Deep Space Climate Observatory
|Mission type||Space weather|
|Operator||NASA / NOAA|
|Mission duration||5 years (planned) |
7 years, 3 months, 9 days (elapsed)
|Manufacturer||Goddard Space Flight Center|
|Launch mass||570 kg (1,260 lb) |
|Dimensions||Undeployed: 1.4 × 1.8 m (4 ft 7 in × 5 ft 11 in)|
|Start of mission|
|Launch date||11 February 2015, 23:03:42 UTC|
|Rocket||Falcon 9 v1.1|
|Launch site||Cape Canaveral, SLC-40|
|Entered service||8 June 2015|
|Reference system||Heliocentric orbit|
|Regime||Sun-Earth Lagrange point L1|
Deep Space Climate Observatory (DSCOVR; formerly known as Triana, unofficially known as GoreSat) is a National Oceanic and Atmospheric Administration (NOAA) space weather, space climate, and Earth observation satellite. It was launched by SpaceX on a Falcon 9 v1.1 launch vehicle on 11 February 2015, from Cape Canaveral. This is NOAA's first operational deep space satellite and became its primary system of warning Earth in the event of solar magnetic storms.
DSCOVR was originally proposed as an Earth observation spacecraft positioned at the Sun-Earth L1 Lagrange point, providing live video of the sunlit side of the planet through the Internet as well as scientific instruments to study climate change. Political changes in the United States resulted in the mission's cancellation, and in 2001 the spacecraft was placed into storage.
Proponents of the mission continued to push for its reinstatement, and a change in presidential administration in 2009 resulted in DSCOVR being taken out of storage and refurbished, and its mission was refocused to solar observation and early warning of coronal mass ejections while still providing Earth observation and climate monitoring. It launched aboard a SpaceX Falcon 9 launch vehicle on 11 February 2015, and reached L1 on 8 June 2015.
NOAA operates DSCOVR from its Satellite and Product Operations Facility in Suitland, Maryland. The acquired space data that allows for accurate weather forecasts are carried out in the Space Weather Prediction Center in Boulder, Colorado. Archival records are held by the National Centers for Environmental Information, and processing of Earth sensor data is carried out by NASA.
DSCOVR began as a proposal in 1998 by then-Vice President Al Gore for the purpose of whole-Earth observation at the Sun-Earth L1 Lagrange point, 1.5×106 km (0.93×106 mi) from Earth. Originally known as Triana, named after Rodrigo de Triana, the first of Columbus's crew to sight land in the Americas, the spacecraft's original purpose was to provide a near-continuous view of the entire Earth and make that live image available via the Internet. Gore hoped not only to advance science with these images, but also to raise awareness of the Earth itself, updating the influential Blue Marble photograph that was taken by Apollo 17. In addition to an imaging camera, a radiometer would take the first direct measurements of how much sunlight is reflected and emitted from the whole Earth (albedo). This data could constitute a barometer for the process of global warming. The scientific goals expanded to measure the amount of solar energy reaching Earth, cloud patterns, weather systems, monitor the health of Earth's vegetation, and track the amount of UV light reaching the surface through the ozone layer.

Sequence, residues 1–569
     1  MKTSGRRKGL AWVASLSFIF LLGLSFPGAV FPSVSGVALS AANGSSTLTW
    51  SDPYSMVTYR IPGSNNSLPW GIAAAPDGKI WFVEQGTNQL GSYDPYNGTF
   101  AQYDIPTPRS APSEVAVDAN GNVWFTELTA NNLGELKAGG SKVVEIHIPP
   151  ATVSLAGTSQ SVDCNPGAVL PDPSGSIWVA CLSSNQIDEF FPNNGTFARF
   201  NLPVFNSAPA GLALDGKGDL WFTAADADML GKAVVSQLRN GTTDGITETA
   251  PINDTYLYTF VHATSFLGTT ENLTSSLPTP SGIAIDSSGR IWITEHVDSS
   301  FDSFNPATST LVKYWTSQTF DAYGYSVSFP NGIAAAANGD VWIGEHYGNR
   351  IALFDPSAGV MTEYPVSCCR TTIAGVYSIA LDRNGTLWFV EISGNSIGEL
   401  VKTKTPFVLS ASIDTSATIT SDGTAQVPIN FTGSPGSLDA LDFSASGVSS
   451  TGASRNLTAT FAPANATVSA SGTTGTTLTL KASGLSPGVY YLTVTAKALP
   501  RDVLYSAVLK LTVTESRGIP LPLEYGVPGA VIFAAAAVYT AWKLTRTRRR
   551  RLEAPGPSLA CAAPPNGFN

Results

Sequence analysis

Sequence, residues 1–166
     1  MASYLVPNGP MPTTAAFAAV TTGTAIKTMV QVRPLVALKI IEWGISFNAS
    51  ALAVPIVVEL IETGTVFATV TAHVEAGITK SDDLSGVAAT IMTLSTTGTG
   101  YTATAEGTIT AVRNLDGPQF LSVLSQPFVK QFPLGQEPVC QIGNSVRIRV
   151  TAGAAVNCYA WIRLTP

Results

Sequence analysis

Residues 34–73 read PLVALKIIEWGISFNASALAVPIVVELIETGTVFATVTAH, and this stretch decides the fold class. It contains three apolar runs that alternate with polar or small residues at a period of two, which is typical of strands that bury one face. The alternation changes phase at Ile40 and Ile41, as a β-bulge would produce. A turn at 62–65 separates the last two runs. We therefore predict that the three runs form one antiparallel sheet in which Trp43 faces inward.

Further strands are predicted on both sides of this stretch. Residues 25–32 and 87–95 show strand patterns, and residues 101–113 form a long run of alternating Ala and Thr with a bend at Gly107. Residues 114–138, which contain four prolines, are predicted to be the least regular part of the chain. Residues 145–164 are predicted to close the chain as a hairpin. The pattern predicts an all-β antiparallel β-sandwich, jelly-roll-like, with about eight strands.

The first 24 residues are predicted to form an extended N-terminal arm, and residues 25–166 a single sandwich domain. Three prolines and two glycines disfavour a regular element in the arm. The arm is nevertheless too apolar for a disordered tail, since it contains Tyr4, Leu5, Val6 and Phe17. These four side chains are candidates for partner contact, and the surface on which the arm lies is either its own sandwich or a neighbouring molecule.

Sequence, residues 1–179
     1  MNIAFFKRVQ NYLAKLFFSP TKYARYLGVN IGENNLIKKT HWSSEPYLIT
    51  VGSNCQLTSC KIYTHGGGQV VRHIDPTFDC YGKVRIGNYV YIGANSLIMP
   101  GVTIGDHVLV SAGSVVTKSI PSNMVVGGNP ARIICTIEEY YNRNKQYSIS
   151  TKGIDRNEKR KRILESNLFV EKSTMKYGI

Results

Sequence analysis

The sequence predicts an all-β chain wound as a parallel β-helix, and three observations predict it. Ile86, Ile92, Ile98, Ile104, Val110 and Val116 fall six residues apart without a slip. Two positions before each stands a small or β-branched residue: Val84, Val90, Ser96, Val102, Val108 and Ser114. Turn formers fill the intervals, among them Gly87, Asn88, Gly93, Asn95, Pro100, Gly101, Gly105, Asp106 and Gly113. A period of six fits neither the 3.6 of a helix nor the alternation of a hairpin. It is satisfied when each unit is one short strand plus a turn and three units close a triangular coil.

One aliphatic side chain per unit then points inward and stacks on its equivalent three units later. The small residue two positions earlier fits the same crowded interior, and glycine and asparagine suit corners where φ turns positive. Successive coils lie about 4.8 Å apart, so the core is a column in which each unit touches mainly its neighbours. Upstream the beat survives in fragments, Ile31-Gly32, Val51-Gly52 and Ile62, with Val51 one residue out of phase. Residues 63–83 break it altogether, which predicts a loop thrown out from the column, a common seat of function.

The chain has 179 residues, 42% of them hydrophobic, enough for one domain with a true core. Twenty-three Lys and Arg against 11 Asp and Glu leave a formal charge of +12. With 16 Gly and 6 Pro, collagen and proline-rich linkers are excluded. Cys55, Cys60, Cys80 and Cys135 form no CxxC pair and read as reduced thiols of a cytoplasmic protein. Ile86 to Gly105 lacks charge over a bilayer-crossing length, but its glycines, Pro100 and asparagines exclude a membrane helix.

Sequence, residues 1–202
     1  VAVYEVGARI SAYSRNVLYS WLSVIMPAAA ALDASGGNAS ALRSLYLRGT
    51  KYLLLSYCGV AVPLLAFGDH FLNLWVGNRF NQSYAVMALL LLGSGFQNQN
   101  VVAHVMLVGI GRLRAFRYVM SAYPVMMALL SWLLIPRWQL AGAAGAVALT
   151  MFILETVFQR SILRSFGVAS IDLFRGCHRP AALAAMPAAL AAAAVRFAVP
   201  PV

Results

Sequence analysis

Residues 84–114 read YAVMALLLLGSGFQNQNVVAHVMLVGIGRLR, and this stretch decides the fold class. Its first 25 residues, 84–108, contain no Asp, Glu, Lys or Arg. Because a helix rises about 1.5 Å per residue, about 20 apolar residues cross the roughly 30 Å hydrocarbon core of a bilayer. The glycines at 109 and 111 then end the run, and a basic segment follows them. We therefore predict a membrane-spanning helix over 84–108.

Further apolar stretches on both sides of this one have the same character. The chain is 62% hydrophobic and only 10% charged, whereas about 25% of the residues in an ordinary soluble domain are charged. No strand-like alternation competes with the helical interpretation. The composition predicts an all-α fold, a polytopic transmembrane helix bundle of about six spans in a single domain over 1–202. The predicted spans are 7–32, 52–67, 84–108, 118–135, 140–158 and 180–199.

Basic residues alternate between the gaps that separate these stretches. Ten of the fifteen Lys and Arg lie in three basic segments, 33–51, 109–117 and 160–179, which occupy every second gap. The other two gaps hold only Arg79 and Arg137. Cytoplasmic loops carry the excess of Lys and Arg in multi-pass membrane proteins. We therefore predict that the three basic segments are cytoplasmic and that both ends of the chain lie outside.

In 1999, NASA's Inspector General reported that "the basic concept of the Triana mission was not peer reviewed", and "Triana's added science may not represent the best expenditure of NASA's limited science funding". Members of the U.S. Congress asked the National Academy of Sciences whether the project was worthwhile. The resulting report, released March 2000, stated that the mission was "strong and scientifically vital".